Money or God: Which do we love more?
Re: “Pastor concerned about financial health of wider church,” March 18, page 16.
I Corinthians 6:9-10 deals with a variety of sins. We spent years discussing the shortfalls of sexuality. Why have we conveniently missed the topic of greed? According to this passage, the greedy will not inherit the kingdom of God.
The honest fact is, we love our money much more than we love God.
Pastors who dare talk about money are encouraged to rather focus on God’s love. If they do not comply, ways and means are put into place to encourage them to move on.
Statistics show that 20 percent of any given congregation gives 80 percent of the budget. This is true of secular charities as well, according to an article published in Maclean’s magazine.
In view of this, probably 80 percent of us rob God! The standard for giving is found in Malachi 3:8, but the best is in Luke 9:23: “If any man would come after me, let him deny himself and take up his cross daily and follow me.”
Olga Epp, Coaldale, Alta.
Capital campaigns not the real problem for MC Canada
Re: “A time of mystery and disorientation,” April 29, page 15.
I am studying donors among Mennonite Foundation of Canada’s constituency as part of my academic studies. I’ve travelled from B.C. to Ontario conducting focus groups and administering surveys on how and why donors give.
In response to Will Braun’s article, which suggests that building campaigns “siphon giving” from national and area churches, I think the image of a pipeline of giving flowing directly and automatically to Mennonite Church Canada, with some of the money being drained away for other causes, is inaccurate and unfair.
The T3010 data that every registered charity must file with Revenue Canada shows that receipted giving to MC Canada congregations increased 12 percent from 2004-11 (not adjusted for inflation). Local congregations remain well-watered, but less giving is flowing to the area and national churches. Why is this happening?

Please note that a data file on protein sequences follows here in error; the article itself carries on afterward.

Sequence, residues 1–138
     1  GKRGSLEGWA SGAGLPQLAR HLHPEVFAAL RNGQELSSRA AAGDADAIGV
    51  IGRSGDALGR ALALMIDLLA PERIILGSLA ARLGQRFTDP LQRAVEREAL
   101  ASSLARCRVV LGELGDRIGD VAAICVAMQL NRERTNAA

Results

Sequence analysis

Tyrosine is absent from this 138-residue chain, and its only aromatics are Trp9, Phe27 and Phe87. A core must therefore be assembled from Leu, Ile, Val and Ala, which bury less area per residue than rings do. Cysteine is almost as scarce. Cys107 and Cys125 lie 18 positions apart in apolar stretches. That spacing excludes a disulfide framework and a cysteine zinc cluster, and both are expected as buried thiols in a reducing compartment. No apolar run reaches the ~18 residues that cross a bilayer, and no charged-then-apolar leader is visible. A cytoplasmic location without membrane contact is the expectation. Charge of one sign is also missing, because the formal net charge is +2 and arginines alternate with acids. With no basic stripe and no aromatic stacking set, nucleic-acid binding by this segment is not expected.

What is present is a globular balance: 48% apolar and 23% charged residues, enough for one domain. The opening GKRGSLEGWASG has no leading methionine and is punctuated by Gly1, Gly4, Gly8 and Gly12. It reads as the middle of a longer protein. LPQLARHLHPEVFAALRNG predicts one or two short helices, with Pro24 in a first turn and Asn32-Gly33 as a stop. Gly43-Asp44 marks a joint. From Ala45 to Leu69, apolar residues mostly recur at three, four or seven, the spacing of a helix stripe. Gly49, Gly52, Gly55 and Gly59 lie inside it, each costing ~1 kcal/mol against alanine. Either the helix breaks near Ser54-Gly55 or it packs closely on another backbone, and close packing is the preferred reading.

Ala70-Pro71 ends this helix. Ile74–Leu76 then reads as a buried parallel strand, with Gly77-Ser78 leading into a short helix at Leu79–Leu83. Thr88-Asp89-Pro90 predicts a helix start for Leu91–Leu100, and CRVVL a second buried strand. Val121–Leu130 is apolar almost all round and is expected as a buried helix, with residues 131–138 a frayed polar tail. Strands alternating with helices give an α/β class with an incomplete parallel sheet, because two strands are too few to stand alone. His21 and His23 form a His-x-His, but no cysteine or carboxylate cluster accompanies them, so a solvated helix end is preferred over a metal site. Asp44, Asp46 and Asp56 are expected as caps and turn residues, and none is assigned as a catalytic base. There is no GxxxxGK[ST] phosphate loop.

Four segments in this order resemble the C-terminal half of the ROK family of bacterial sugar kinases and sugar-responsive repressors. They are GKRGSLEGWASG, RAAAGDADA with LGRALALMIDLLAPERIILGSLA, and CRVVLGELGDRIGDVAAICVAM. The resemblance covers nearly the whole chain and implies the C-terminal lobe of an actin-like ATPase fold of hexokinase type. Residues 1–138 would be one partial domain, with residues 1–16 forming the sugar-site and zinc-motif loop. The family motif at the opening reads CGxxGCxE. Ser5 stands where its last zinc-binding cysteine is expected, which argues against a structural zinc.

People give to charities that they trust and are familiar with, and to causes that they believe in. The national and area churches don’t fit that bill for many people. People trust their local church and they are familiar with its work.
According to my survey results, there is a measurable decrease in levels of trust and familiarity between the local church and the area and national churches. A few people did not know which area church they belonged to. I heard that giving to the area and national churches is like giving to a black hole: you don’t know where it’s going.
Mennonites continue to be very generous people, but the “pipeline” model of giving flowing automatically to the area and national churches certainly does not exist. Think, instead, of thousands of people and hundreds of congregations with watering cans, giving water where the flowers are ready to bloom.
MC Canada talks about how difficult the drought is for gardeners (national church staff), ponders the changing climate and reorganizes the flowerbeds. It fails to engage the people with the watering cans, many of whom don’t know about MC Canada’s garden or what is growing in it.
Fundraising is the joyful and holy task of telling people about the garden and inviting them to water it. Mennonites should be doing more fundraising, in my view, and the area and national churches especially need to articulate their visions.
Focusing on capital campaigns may provide a distraction, but will not address the underlying issues.
Lori Guenther Reesor, Mississauga, Ont."
Eat with the rich, and challenge them too
Re: “A tale of two speakers,” May 13, page 11.
In this column, Aiden Enns contrasts Willard Metzger with Mark Van Steenwyk. He writes how he cooked a meal with Mark, and then states, “I would have been embarrassed to share a simple meal like this with Willard; he was fancy, we were down to earth. He carried middle-class ostentation; Mark exuded lower class solidarity.”
I’ve never met Mark, but I know Willard, and he is a humble, down to earth, and, yes, passionate leader. I would love the opportunity to cook and eat a simple meal with Willard!
I heartily agree with Enns’s emphasis on solidarity with the poor, which leads to a life of simplicity, hospitality, prayer, peace and resistance, and acknowl-edge my need to grow more in this area. But even if a person were “fancy” and “ostentatious,” which Willard is not, didn’t Jesus spend much time sharing hospitality around the tables of the rich and powerful? He was never embarrassed to eat with them, or to challenge them.
Jesus loved and reached out to rich and poor alike. That is the kind of leader I want to follow.
Werner De Jong, Edmonton